research area: open innovation, open entrepreneurship and eco system

Innovation impact of big science organizations

Innovation impact of big science organizations – conditions, interactions, and knowledge spillover

Big Science Organizations (BSOs) - known as research infrastructures in Europe - are increasingly important as influencers in innovation ecosystems, as they are capable of driving technological advancement for the relevant industries. Studies on BSOs have shown their importance in technological breakthrough and their impact on national and international economies and society.

The relationship between BSOs and industrial firms is an area of interest in terms of innovation in recent research. BSO-industry collaborations both create new knowledge and engage in knowledge spillover, generating impact on both scientific and innovative performance for those involved. The theories on knowledge spillover, open innovation, supply-driven innovation and proximity economics will be used as the foundation for this project, and the areas to which this project will make theoretical contributions.

PhD Student: Erika Susan Dietrichson

Ice and water

Research area: Sustainable entrepreneurship and innovation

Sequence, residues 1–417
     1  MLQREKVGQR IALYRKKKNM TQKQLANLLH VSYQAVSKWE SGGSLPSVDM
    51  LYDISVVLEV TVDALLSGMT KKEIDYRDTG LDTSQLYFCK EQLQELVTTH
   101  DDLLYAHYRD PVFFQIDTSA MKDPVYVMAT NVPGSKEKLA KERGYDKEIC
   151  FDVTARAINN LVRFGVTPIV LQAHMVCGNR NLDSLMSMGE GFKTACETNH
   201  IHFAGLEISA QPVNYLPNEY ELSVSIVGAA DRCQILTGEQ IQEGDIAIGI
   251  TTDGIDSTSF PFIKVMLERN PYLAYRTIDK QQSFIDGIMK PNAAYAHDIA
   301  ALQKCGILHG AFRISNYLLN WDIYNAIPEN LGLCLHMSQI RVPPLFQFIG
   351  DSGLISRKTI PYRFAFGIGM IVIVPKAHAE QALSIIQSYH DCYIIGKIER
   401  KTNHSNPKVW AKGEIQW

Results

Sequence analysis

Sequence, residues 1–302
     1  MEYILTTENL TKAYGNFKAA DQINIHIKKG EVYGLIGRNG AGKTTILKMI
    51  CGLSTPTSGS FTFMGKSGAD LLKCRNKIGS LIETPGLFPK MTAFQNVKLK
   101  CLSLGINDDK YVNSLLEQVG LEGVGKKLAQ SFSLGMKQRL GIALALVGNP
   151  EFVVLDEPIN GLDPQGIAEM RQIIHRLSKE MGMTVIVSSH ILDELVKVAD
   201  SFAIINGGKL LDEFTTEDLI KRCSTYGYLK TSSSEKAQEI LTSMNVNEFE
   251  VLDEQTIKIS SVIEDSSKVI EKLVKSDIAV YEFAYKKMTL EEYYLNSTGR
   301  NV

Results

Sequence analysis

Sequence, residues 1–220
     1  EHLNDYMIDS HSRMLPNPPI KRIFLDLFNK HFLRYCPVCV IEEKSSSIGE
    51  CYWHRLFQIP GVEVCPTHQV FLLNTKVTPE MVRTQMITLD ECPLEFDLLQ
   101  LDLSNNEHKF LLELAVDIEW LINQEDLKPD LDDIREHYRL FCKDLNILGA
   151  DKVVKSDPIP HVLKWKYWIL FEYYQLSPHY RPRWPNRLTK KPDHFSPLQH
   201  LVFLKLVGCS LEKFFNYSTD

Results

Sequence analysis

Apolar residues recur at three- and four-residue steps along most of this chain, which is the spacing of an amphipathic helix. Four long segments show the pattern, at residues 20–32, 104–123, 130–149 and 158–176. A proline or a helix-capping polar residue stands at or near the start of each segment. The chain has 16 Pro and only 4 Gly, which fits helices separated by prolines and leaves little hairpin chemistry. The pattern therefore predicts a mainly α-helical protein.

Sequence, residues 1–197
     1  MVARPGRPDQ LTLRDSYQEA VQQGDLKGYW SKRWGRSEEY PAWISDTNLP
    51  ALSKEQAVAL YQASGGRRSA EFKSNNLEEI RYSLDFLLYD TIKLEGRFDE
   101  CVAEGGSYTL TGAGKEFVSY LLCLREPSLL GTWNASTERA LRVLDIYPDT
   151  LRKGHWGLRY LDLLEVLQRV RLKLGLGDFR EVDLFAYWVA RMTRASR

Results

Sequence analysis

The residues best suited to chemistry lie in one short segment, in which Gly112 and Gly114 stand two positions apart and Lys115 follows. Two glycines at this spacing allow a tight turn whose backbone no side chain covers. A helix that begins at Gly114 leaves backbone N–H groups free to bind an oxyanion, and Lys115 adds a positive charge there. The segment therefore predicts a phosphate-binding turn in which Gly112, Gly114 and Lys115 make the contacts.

Creating sustainability agents in the Arctic

Transscalar innovation and sustainability: Creating sustainability agents in the high north and Arctic

This PhD project is a collaborative effort between the Technical University of Denmark and the University of the Faroe Islands. The purpose of the project is threefold: 1) To research the interplay between different scale of influence, internal and external to the University of the Faroe Islands, relating to how sustainable innovation is to be both implemented and practiced. A main component of this work will also include the production of explanatory process models that illustrate the issue from an institutional perspective, organisational and geographic (Arctic) scales. 2) To develop practical solutions for implementation of best-practices and development of a culture that embraces the notion of sustainability agents. 3) Development of initiatives that ensure that new knowledge is transferred, and innovative practices are anchored at the University of the Faroe Islands and, hopefully, related stakeholders.